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Sask. expanding private medical procedures to address COVID-19 surgical backlog

Saskatchewan is looking to private medical service providers to help address the surgical backlog created by the COVID-19 pandemic.

“We’ve certainly approached the private suppliers that are publicly funded to see what their current capacity is and what they could expand out to, but not just in their capacity but also their scope of what different surgeries that they can do within that,” Health Minister Paul Merriman said Friday.

The province said it is working with its current third party provider to increase the number and types of surgeries they provide, as part of the service resumption plan announced Thursday.

A Request for Information to test the market for “additional third party surgical providers for day procedures, overnight inpatient surgeries, and post-operative care including therapies and home care,” was also issued. The procedures would be publicly funded.

Along with bringing back a “sustainable” level of public surgeries, Saskatchewan Premier Scott Moe said additional private surgeries are necessary in the short-term to reduce the current backlog.

“The goal is to reduce the surgical wait times that we have here in the province. We want to use all the tools we have available to us, and we’re going to use them all,” Moe said Thursday.

Moe noted that the province has used private medical surgeries to address high wait times in the past. The NDP opposition is concerned the increase in third party surgeries could lead to more privatization down the road.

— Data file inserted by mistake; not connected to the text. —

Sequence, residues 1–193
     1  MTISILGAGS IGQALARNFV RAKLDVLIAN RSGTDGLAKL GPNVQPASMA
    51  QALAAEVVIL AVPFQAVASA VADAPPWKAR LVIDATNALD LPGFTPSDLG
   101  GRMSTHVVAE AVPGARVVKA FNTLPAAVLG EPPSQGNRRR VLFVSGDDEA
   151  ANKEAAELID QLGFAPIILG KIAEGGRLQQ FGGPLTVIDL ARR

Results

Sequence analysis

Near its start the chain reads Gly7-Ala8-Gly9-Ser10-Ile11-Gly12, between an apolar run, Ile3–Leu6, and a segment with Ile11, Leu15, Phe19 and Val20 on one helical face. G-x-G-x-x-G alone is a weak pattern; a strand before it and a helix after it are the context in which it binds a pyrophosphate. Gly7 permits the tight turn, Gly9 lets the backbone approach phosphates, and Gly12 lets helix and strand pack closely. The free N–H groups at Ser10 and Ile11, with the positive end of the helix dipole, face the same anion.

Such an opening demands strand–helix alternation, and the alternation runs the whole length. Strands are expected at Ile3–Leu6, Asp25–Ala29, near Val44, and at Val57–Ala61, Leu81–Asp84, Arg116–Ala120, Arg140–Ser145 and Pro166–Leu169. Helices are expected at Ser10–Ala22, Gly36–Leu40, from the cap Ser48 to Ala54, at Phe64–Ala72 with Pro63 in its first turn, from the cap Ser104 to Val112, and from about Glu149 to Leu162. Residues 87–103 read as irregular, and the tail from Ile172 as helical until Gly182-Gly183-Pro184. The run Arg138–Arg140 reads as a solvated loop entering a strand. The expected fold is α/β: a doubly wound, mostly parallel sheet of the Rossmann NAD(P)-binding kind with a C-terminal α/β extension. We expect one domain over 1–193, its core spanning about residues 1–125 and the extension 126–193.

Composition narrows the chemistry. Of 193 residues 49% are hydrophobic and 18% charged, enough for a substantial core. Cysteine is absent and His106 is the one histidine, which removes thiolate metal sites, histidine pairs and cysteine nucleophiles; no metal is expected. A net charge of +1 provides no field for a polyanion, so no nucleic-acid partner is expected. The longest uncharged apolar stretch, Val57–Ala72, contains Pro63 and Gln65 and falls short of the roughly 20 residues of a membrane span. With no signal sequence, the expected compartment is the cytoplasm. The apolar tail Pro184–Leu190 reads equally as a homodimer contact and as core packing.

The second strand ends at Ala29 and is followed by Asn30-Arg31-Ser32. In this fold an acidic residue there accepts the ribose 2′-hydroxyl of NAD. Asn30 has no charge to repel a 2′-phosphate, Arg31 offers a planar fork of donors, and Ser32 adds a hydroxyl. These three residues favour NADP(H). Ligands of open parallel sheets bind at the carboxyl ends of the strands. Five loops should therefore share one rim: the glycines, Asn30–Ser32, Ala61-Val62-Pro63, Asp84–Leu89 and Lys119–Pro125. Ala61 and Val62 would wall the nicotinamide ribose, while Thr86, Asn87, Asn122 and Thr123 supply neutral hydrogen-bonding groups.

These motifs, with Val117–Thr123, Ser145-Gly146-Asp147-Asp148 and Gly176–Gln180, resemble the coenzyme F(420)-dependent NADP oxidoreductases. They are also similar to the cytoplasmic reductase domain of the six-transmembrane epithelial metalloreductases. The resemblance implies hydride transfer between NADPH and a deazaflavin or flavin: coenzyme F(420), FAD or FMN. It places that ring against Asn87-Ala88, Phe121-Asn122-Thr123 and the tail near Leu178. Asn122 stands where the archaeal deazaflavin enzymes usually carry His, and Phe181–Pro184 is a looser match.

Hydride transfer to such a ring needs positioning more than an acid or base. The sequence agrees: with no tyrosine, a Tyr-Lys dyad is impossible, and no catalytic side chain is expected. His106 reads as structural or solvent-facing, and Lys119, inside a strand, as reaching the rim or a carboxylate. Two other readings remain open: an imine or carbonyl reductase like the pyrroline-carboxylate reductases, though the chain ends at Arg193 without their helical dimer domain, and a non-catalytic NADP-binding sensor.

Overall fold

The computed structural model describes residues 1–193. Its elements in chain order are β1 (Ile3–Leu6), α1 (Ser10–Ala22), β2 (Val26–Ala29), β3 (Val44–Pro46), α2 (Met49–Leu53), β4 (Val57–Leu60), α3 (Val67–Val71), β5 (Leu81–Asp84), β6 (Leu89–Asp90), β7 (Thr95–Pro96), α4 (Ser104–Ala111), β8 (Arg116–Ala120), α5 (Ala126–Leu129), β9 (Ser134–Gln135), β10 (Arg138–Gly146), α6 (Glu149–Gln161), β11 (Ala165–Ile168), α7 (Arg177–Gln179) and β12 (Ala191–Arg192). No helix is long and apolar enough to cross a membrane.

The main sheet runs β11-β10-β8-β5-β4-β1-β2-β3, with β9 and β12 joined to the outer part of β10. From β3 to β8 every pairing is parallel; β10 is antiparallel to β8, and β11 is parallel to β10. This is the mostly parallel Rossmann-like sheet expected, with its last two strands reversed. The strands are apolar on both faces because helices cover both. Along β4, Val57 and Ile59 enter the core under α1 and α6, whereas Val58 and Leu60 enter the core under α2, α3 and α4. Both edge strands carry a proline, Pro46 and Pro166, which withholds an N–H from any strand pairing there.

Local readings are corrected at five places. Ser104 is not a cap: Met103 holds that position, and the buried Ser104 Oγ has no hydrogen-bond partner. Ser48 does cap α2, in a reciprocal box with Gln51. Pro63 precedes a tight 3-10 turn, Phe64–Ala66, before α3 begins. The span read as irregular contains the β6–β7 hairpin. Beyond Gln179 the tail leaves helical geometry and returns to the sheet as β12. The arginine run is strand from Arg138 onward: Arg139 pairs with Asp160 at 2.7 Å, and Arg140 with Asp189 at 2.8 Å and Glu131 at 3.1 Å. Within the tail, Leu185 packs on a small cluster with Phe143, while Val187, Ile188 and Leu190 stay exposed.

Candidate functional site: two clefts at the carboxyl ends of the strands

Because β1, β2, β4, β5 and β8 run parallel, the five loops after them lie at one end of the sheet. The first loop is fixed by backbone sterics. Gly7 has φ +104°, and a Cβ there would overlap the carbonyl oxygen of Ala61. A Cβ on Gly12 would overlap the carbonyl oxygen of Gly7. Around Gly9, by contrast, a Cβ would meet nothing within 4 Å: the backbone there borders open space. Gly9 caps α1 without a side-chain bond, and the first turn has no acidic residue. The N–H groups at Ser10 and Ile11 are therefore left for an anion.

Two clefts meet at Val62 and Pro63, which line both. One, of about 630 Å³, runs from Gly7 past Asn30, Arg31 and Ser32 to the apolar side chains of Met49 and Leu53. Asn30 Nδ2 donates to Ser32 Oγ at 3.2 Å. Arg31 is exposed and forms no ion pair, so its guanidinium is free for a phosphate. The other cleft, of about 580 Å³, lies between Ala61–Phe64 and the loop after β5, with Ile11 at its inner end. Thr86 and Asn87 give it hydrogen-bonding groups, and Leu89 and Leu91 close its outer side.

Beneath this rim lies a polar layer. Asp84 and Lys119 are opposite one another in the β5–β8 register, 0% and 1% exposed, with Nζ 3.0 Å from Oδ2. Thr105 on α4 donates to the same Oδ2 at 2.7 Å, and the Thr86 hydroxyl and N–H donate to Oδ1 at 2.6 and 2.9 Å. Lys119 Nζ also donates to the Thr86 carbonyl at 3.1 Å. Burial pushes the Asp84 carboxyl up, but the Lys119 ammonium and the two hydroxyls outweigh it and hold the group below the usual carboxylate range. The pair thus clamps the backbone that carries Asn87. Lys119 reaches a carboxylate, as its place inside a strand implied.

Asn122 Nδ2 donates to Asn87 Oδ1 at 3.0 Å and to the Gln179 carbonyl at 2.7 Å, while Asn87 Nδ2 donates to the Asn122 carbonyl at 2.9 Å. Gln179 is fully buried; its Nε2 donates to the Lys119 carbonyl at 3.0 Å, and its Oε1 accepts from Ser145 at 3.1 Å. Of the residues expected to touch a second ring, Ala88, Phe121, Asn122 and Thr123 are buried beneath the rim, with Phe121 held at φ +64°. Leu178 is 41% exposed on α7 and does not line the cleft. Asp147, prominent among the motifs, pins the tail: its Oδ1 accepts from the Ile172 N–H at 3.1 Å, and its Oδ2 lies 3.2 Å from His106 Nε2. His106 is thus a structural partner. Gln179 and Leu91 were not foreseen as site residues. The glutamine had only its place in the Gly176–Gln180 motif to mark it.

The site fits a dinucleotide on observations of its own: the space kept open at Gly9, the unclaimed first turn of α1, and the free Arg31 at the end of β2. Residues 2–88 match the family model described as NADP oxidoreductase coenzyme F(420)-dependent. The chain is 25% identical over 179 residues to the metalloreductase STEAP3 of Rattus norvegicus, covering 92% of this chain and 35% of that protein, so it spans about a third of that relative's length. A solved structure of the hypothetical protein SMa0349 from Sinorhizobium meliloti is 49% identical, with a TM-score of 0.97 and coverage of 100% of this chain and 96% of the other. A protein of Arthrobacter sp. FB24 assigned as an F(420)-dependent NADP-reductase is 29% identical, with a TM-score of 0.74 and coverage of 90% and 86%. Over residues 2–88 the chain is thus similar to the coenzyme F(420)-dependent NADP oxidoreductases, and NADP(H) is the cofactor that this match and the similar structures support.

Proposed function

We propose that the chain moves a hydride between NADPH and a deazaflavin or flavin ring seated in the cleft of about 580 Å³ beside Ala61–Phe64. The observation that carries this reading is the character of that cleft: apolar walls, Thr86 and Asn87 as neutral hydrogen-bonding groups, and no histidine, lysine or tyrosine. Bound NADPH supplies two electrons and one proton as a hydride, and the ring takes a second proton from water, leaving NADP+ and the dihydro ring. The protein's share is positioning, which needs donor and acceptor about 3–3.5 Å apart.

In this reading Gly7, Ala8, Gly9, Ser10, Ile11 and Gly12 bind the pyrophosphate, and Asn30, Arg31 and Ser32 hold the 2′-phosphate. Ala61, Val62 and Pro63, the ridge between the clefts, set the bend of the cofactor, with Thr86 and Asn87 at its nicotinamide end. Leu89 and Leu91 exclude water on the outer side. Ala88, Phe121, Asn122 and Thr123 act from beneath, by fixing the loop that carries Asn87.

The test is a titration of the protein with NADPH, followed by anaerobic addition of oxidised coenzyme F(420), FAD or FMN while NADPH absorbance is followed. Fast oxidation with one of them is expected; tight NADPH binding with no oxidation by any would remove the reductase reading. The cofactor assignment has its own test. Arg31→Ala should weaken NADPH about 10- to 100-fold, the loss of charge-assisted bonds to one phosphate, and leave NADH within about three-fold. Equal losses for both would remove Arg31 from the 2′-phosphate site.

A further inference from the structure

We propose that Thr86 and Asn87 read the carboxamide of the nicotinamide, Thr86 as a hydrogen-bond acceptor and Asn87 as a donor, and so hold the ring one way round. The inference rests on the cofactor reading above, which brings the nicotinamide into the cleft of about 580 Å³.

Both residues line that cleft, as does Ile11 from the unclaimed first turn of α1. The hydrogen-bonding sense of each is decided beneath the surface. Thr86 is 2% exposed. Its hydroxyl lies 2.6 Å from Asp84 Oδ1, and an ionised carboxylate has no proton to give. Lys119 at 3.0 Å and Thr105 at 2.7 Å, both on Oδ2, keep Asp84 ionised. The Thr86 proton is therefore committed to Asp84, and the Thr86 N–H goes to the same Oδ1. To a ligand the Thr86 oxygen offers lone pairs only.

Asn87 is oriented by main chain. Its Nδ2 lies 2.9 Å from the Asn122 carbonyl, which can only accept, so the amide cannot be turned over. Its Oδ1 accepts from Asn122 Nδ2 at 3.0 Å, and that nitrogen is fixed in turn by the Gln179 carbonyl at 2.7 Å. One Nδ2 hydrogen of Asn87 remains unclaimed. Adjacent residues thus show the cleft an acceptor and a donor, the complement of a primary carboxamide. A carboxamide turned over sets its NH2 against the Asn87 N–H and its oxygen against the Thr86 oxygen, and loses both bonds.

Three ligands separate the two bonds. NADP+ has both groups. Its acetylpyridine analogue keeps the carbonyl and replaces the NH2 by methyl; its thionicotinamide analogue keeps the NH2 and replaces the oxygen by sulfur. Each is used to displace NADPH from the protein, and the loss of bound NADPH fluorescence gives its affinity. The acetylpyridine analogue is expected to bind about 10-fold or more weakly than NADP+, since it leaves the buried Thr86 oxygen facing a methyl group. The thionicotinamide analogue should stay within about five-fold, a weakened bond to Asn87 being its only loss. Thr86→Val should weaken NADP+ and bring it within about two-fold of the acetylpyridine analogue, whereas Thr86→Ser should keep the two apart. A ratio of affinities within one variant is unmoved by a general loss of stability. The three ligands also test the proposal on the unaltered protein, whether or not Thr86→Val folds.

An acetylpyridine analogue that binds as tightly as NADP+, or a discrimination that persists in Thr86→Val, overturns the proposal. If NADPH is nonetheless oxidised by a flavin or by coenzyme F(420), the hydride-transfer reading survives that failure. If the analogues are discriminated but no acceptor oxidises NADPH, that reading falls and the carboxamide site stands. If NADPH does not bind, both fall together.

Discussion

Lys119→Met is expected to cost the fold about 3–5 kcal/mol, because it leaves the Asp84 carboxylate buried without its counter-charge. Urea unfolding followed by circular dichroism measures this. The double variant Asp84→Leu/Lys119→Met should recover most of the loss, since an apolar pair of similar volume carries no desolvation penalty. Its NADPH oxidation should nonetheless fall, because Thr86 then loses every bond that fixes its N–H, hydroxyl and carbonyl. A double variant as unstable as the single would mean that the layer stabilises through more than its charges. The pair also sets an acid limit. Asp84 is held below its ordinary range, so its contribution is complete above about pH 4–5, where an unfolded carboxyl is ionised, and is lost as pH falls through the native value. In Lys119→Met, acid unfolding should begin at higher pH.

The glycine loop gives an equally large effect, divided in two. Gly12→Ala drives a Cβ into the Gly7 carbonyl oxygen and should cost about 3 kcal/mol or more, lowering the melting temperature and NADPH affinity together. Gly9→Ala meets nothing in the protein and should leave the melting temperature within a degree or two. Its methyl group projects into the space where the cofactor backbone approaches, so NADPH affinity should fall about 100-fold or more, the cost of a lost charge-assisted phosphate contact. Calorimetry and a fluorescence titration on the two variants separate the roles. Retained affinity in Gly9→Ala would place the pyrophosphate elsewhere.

“Using private services to delivery publicly paid [procedures], we do that all the time and there’s a role for that, we have to watch it, especially with this government that likes to give those contracts to their friends and donors, likes to continually push the envelope on privatization,” NDP Leader Ryan Meili said at the legislative building on Thursday.

“I worry about is that they might go down the road as they already have with the MRIs, as we’ve seen other governments that this government is attached to or affiliated with go down the road of patients having to pay for service.”

The province is aiming to reduce the COVID-19 surgical backlog by 2025 and achieve a three-month wait time by 2030. The increased capacity includes an increase of 7,000 surgeries in 2022-23, 6,000 in 2023-24; and 5,000 in 2024-25.

The NDP worry that private clinics will recruit doctors and nurses away from hospitals leaving those waiting for surgery no further ahead.

“I’m also really concerned just about this imaginary plan that somehow there is a great deal of capacity in a private system that doesn’t exist. We have a finite number of nurses, of doctors and [operating room] staff,” Meili said Friday.

The health minister believes some doctors and nurses from hospitals will choose to work at private clinics in their free time, but it will make for a more efficient system

“There’s obviously scales of efficiency there and that’s why the private sector has been successful doing this over the last few years,” Merriman said.

The government has no current target for the number of surgeries to be performed at private clinics. All procedures will be publicly funded and nobody will be able to buy their way up the waiting list. Top Stories

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